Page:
Senate Democrats ignore inflation, push ahead with negotiations on another massive budget reconciliation spending deal

Current price inflation is a complex problem with several contributing factors. Still, arguably the most significant of those are the profligate spending of trillions of dollars by the Democrat-controlled Congress in recent years fueled by the Federal Reserve’s creation of trillions more dollars in unbacked fiat currency as a form of economic stimulus to counter the economic issues caused by the government’s response to the pandemic.

Now, with inflation having reached historic highs, Democrats appear to have learned nothing as they recklessly press forward with another attempt at a budget reconciliation deal that will increase both taxes and spending, according to a report from The Hill.

And, once again, it appears that Sen. Joe Manchin (D-WV) stands virtually alone as the only Democrat willing to oppose the fiscal insanity planned by his own party.

Schumer tries to get Manchin to support another massive spending package

Sen. Manchin, who blocked President Joe Biden’s outrageously expensive Build Back Better spending package last year, has been engaged in negotiations with Senate Democratic Leader Chuck Schumer (D-NY) on a scaled-down version of Biden’s rejected proposals — a new tax and spending plan that some Democrats incredibly assert would actually reduce inflation.

Schumer is quite obviously hoping to score a legislative win for Democrats ahead of tough midterm elections, and according to Roll Call last month, the revived talks began in early June on a package that would include tax increases on the wealthy and small businesses to provide revenue for spending on climate change and healthcare programs and subsidies.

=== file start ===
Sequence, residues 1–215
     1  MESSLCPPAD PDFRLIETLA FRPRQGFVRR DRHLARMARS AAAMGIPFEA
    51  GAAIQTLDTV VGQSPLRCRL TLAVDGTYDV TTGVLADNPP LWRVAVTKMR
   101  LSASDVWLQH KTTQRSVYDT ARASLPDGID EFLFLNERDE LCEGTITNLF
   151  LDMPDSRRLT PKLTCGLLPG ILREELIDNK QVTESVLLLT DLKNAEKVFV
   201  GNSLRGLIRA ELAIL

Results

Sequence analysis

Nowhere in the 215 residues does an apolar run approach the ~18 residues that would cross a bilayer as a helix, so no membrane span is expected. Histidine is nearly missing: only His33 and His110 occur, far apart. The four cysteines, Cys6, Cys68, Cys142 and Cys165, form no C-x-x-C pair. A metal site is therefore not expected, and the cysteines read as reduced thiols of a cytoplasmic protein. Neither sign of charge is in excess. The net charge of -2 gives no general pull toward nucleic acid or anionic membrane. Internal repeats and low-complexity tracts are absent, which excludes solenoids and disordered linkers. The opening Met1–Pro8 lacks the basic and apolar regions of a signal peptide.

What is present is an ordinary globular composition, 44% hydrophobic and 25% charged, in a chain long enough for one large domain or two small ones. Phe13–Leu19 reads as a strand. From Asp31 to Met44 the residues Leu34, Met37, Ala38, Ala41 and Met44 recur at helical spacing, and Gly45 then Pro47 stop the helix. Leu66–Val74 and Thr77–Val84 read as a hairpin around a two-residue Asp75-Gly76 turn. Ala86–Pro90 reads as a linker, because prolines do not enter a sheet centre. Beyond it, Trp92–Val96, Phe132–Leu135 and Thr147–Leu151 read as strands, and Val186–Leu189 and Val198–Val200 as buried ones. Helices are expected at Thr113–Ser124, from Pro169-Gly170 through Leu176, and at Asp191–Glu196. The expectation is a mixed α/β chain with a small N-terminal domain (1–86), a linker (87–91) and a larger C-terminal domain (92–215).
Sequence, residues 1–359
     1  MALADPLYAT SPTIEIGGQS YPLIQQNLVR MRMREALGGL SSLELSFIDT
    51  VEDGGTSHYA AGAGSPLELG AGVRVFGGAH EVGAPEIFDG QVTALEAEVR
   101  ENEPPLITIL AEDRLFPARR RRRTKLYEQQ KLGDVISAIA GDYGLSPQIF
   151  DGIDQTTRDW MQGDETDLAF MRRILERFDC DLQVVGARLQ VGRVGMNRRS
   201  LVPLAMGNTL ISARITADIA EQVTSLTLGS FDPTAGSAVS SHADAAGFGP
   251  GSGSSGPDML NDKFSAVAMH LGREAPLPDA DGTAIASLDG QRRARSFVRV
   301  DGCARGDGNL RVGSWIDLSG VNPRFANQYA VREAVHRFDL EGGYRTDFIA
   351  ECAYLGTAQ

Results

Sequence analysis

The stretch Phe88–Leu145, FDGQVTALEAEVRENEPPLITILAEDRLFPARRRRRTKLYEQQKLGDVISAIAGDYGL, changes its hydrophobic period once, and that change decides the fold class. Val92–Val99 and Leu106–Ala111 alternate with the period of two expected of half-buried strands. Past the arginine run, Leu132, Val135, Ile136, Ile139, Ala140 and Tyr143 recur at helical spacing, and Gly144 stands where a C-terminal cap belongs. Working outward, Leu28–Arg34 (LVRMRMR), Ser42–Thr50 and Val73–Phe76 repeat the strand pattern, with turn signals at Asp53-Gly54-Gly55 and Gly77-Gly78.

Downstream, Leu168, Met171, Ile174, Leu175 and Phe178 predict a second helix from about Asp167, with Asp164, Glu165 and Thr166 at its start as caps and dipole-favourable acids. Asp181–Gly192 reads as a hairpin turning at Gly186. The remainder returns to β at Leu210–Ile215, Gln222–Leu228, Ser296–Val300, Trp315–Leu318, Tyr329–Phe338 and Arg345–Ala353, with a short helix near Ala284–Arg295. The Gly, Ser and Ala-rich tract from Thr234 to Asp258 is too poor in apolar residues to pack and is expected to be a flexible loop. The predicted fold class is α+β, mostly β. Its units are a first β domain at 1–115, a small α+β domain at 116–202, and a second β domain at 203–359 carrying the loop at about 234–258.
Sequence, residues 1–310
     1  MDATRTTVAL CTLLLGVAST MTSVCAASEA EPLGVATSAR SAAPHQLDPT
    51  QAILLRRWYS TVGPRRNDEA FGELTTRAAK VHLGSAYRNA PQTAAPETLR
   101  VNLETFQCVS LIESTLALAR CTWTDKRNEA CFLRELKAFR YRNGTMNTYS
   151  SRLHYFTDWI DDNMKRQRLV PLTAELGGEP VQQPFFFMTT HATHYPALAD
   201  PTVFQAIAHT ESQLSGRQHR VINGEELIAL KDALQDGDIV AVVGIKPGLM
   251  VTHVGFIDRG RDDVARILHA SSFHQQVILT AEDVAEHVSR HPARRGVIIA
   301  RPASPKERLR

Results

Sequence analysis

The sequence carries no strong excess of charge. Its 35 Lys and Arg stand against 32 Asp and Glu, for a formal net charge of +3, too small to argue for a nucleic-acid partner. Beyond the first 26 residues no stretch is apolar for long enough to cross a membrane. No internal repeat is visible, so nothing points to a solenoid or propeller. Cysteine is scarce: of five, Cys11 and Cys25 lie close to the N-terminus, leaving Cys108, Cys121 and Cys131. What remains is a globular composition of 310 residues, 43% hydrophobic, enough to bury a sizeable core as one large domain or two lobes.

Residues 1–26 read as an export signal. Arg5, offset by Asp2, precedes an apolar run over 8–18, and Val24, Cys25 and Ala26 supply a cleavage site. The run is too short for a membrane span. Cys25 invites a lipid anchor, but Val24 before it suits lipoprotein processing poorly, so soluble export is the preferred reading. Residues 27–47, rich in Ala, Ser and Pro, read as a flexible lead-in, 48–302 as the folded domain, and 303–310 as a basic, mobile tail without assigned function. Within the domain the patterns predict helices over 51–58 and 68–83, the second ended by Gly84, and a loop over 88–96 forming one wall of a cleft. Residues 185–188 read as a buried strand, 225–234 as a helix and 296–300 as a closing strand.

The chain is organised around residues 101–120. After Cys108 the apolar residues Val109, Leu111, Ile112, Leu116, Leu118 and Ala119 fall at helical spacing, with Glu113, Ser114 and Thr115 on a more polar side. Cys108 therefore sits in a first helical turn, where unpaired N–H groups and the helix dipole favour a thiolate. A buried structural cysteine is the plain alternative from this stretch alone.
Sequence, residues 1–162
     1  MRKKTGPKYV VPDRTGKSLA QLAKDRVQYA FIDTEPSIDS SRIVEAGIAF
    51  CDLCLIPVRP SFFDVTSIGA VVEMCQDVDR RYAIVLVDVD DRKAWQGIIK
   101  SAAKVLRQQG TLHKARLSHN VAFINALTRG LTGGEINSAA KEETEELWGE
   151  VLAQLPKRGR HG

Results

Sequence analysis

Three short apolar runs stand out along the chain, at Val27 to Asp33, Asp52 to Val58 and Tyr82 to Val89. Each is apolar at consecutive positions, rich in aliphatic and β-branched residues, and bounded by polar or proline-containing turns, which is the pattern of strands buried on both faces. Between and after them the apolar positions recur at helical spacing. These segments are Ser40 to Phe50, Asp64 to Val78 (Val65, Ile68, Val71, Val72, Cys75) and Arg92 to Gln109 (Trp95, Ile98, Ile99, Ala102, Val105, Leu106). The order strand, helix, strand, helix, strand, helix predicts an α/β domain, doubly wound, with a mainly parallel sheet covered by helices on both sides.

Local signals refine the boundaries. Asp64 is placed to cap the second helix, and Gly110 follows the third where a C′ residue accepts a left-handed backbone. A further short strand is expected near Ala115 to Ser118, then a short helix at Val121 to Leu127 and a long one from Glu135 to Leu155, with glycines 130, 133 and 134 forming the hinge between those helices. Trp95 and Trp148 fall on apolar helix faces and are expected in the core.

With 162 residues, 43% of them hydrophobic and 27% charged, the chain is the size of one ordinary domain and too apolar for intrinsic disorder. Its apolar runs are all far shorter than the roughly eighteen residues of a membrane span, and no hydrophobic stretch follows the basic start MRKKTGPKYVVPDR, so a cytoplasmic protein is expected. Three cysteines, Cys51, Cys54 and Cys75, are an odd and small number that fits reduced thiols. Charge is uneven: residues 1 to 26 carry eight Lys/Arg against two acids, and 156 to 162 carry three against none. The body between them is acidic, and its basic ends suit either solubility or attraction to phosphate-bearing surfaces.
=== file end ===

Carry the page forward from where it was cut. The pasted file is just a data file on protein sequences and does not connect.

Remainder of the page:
The hope is that, with Manchin entirely on board and with approval from the Senate Parliamentarian, this new package can be passed through the evenly split Senate with just Democratic votes via the budget reconciliation process that allows for certain measures to bypass the filibuster’s 60-vote threshold.

Manchin wants to guard against further inflation, reduce the budget deficit

The problem for Democrats, however, is that Manchin actually views inflation as a serious issue and, as such, according to The Hill, told reporters this week with regard to the ongoing negotiations, “Everyone should be extremely cautious, because you cannot do a thing right now that’s going to add or be inflammatory to inflation.”

The relatively moderate West Virginia senator has expressed some support for certain aspects of a potential package deal, but has made it clear that his support is conditional on the overall legislation not worsening inflation and his demand that roughly half of any new revenue raised be put toward reducing the annual deficit.

Manchin’s concerns about inflation were more fully addressed in a statement he released Wednesday upon the news that the Consumer Price Index Report showed that inflation had risen 9.1 percent in June over last year and showed no signs of substantially cooling off in the near future.

“We cannot add any more fuel to this inflation fire”

“Today’s inflation data illustrates the pain families across the country are feeling as costs continue to rise at a historic rate. 9.1 percent is cause for serious concern,” the senator said. “Items like chicken, eggs and lunchmeat have increased to new highs, while energy costs rose more than 40 percent in June with those that can least afford it suffering the most. It is past time we put our country first and end this inflation crisis.”

“For more than a year, leaders in Washington have ignored the serious concerns raised by myself and others about the rising cost of inflation,” Manchin continued. “While Washington seems to now understand this reality, it is time for us to work together to get unnecessary spending under control, produce more energy at home and take more active and serious steps to address this record inflation that now poses a clear and present danger to our economy.”

He added, “No matter what spending aspirations some in Congress may have, it is clear to anyone who visits a grocery store or a gas station that we cannot add any more fuel to this inflation fire.”

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